Friday, February 8, 2013

Stereotyping in Writing

I was recently in a dialog with some other writers where the issue of the portrayals of race and gender came up with regards to writing. The question came up of whether it's taboo to portray anyone who is not a white male in a negative light. This is a tough thing to discuss, because it has the potential to go off in so many different directions. First of all, of course, I think it's very possible to make a case that no such taboo exists, and that there are in fact plenty of examples in contemporary fiction where villains, minor characters and flawed protagonists exist who are not white males. The "taboo" in question is more about portraying people who have been underrepresented in a particular genre of fiction (or the media in general) in a stereotypically negative light.

A female character who is overly emotional, vain, bad at math, and who lacks a sense of the big picture may raise some hackles, especially in the absence of female characters in said story with different qualities. This does not mean that there aren't some women out there who really have some, or even most, of the negative traits traditionally associated with femininity (one can also argue that the assessment of some traits as negatives is subjective as well, but that's another topic). But women have been historically been denied access to many rights and choices based on these stereotypes. Some of us are even old enough to remember being told that certain careers were inadvisable or that certain activities or behaviors were just not appropriate for us.

So guess what? The stereotypes still rankle sometimes.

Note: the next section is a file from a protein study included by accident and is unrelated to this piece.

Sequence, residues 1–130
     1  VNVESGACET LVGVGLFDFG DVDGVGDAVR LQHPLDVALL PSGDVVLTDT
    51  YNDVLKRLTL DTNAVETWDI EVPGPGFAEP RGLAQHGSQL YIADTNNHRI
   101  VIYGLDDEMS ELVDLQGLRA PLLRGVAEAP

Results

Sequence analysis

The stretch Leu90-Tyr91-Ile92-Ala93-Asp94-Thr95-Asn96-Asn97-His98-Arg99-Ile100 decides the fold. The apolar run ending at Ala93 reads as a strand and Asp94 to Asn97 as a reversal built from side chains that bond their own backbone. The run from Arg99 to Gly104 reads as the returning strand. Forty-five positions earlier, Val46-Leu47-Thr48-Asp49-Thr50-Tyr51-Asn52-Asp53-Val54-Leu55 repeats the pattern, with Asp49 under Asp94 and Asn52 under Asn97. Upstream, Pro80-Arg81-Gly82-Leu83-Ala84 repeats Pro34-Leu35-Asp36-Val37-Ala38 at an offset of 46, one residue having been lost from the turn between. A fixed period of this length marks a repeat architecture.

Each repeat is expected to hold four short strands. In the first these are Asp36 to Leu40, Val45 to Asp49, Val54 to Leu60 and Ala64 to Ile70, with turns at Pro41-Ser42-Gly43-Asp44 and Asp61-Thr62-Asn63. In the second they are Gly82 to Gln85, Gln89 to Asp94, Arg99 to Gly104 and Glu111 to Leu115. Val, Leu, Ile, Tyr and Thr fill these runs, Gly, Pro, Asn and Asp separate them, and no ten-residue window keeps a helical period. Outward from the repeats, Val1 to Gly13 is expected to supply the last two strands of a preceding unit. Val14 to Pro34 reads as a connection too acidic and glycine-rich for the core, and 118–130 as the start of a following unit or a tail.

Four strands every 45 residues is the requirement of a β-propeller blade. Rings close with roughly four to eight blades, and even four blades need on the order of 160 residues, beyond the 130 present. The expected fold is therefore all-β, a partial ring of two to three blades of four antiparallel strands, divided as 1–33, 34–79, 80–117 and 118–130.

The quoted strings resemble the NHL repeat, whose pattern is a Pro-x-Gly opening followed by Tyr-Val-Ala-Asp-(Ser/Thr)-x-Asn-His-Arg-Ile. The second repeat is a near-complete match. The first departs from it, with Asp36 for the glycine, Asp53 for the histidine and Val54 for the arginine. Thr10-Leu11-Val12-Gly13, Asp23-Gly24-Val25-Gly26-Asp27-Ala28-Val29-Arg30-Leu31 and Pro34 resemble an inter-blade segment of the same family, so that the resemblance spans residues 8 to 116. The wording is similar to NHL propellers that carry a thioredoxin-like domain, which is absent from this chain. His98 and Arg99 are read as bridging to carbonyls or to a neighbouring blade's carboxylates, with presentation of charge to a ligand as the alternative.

I think one can make the same argument for negative stereotypes associated with cultures, ethnicities, religions and orientations that have historically been in the minority, or historically had their humanity denied based on these stereotypes. There may be a time when these stereotypes are so comfortably in history's rear window--far enough away from the daily lives and experiences of the people who have been their victims for them to not be so hurtful--but I really don't think that we're there yet.

I think, also, that there is another issue that people often forget. There is no way to write any character in a way that will please or appeal to everyone or represent the "true and quintessential" experience of being a member of a particular group or subgroup of humanity. Lest one throws up ones hands and says, "Well I'm damned no matter how I write a minority or female character, so I'll just avoid writing them entirely," I'll point out that the relatively limited number of women and minority characters in traditional fantasy is precisely why one ends up feeling like every character from such a group is an ambassador for his or her entire group--something no one person or character can ever be. The only solution is to write a variety of characters and to do so with a reasonable amount of care and awareness of negative stereotypes while still allowing your character to be an individual.

Issues related to identity are still confusing at times. Most of us belong to many groups simultaneously, and we may identify more strongly with some than others. If you belong to a group that has been treated by our culture as the default "norm," you likely don't spend as much time thinking about it as you do thinking about your identities that lie outside that perceived "neutral" status (which, I hate to say, in the US, is still white, male, Christian, heterosexual etc).